In response to the European Commision’s proposal for a directive on the deployment of alternative fuels infrastructure, the Committee on Transport and Tourism of the European Parliament has adopted a draft report on 26 November, in which the CHAdeMO DC fast charging protocol is recognised until 1 January 2019 in Europe. While this report is still to be discussed until the plenary vote next year, as this shall be the base of upcoming discussions, CHAdeMO Association wishes to express its reactions to the adoption of this report.
CHAdeMO Association welcomes the official reference to the CHAdeMO DC fast charging protocol in this report and appreciates the clear statement guaranteeing that existing CHAdeMO chargers remain in service for an indefinite duration of time. The official reference comes as a clear recognition of the 990 CHAdeMO chargers currently in operation in Europe and servicing more than 30,000 users every day. Now that EV’s are becoming a mass market reality in many markets it is essential that a convenient and affordable fast charging solution is officially recognised and reassures these users that they have made the right choice.
However, it is unfortunate that the TRAN Committee has decided to adopt the notion of an arbitrary end date for building new CHAdeMO chargers for public use in Europe, despite our last position statement (11 September 2013) and our members’ continued efforts to inform the policy makers about the negative effect of this on the deployment of EV infrastructure. While we understand that the directive does not “ban” CHAdeMO from the market, by giving an end date to its public installations, it will de facto stall the investments into CHAdeMO chargers and eventually in fast chargers in general. CHAdeMO is the only widely commercialized and readily available DC fast charging technology, and, in the absence of any other type of fast chargers that is proven to be reliable for public installation or EVs equipped with such technology as standard features, this will make investors question what Europe wishes to achieve.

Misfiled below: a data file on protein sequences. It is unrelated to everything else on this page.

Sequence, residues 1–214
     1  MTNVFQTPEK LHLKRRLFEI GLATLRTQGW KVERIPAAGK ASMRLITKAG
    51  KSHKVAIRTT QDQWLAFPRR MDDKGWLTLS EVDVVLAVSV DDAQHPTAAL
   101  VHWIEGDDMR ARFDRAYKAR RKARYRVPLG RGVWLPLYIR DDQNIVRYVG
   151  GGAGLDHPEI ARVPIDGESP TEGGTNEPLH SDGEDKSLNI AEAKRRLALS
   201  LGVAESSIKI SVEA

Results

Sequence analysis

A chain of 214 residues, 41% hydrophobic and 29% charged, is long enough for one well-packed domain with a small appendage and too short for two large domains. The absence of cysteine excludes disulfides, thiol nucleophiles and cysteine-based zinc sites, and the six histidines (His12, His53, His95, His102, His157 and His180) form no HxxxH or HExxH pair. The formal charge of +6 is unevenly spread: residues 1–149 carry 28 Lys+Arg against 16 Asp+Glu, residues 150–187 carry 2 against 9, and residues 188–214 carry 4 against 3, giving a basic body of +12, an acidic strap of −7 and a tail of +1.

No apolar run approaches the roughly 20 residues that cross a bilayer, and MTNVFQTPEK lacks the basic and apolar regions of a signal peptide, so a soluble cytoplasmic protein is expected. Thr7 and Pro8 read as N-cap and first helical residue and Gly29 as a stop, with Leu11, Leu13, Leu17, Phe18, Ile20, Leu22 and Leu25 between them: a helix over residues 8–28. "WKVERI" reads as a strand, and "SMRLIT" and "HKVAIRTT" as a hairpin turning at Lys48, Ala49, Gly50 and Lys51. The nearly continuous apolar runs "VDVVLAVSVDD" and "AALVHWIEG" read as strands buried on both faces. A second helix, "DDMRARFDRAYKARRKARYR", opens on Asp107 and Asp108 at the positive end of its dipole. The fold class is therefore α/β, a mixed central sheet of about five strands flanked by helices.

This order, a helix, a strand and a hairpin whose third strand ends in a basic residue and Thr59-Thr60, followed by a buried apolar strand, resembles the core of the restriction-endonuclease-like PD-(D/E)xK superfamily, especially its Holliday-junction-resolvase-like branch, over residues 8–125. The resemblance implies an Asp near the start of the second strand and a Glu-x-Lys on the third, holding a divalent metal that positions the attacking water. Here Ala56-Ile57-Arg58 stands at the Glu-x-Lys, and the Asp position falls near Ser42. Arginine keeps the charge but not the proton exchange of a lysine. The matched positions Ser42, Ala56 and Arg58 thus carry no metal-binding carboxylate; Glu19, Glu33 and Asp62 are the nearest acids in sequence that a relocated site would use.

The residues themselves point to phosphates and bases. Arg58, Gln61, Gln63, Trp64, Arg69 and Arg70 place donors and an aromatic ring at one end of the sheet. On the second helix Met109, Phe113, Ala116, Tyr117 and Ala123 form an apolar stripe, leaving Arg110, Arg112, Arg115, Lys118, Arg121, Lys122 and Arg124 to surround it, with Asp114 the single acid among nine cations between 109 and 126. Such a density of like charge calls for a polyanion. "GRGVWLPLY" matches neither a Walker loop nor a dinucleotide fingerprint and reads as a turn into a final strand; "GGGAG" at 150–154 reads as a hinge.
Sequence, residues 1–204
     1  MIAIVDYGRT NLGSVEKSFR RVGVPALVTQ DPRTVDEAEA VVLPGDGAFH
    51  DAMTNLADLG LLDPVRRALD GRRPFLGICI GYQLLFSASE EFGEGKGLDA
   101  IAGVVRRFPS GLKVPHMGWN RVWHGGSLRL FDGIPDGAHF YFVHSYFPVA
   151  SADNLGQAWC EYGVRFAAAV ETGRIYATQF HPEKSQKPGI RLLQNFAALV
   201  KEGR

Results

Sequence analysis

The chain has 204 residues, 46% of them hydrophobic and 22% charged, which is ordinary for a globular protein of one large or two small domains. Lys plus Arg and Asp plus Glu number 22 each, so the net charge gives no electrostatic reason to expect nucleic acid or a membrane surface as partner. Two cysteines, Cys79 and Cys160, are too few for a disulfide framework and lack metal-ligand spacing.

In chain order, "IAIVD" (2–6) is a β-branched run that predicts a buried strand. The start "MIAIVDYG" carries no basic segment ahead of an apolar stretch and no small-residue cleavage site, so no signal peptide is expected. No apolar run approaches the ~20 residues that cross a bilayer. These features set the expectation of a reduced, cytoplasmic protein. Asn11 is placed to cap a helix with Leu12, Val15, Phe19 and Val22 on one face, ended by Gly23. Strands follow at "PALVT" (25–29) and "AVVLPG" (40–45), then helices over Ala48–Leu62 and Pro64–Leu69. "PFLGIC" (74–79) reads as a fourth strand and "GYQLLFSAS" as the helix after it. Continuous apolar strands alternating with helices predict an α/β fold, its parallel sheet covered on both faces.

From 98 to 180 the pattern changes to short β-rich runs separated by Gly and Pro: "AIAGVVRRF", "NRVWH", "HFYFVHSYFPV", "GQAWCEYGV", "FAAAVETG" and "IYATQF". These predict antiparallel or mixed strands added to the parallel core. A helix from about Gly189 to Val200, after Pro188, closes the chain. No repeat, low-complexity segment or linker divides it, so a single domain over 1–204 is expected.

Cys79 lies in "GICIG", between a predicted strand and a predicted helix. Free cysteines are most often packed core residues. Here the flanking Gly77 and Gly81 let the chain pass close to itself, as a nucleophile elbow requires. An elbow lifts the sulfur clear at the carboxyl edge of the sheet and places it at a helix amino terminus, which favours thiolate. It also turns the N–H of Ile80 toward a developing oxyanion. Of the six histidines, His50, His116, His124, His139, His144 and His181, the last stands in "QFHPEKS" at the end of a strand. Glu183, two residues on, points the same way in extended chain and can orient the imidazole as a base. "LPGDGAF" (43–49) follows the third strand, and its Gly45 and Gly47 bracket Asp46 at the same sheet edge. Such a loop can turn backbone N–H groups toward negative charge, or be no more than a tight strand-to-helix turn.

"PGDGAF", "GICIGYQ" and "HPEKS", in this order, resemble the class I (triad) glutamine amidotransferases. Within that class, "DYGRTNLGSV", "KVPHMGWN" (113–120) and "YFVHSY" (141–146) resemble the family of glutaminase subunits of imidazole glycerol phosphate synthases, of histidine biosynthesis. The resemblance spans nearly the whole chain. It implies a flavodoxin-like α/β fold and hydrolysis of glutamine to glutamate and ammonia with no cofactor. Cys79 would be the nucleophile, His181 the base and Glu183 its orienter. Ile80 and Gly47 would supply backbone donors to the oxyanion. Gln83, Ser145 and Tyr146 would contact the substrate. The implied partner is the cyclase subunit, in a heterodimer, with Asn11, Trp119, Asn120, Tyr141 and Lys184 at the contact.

We are concerned that this shall disappoint the 30,000 CHAdeMO EV owners in the long run, who are the most passionate proponents of e-mobility and who were counting on us to continue expanding our fast charging network. We are concerned that there may be an impact on jobs here in Europe. Many CHAdeMO EVs and batteries are assembled in Europe, notably in the U.K. and in Spain, where we cannot afford more job loss. In addition, there are 13 CHAdeMO-charger manufacturers and over 40 CHAdeMO-based charging operators in Europe. We are also concerned that this wording may make the outputs from large-scale EU-funded fast charging projects largely obsolete even before the results come out.
The work by CHAdeMO association members and the chargers that have been put in place and operating for the past three years produced data that helped create a consensus among e-mobility stakeholders that fast chargers are indispensable for wide EV adoption. Thus, unhindered development of the deployment of fast chargers should be a priority of the European policy makers, if they want to truly promote e-mobility. This can only be achieved through an open endorsement of dual-standard approach to DC fast charging. The industry is aligned on the principle that the dual-standard chargers should be the way forward. We hope that the European policy makers will duly support this industry initiative by explicitly ensuring CHAdeMO to stay in the European market in the longer term, enabling us to continue to service the present and future CHAdeMO-equipped EV/PHEV drivers.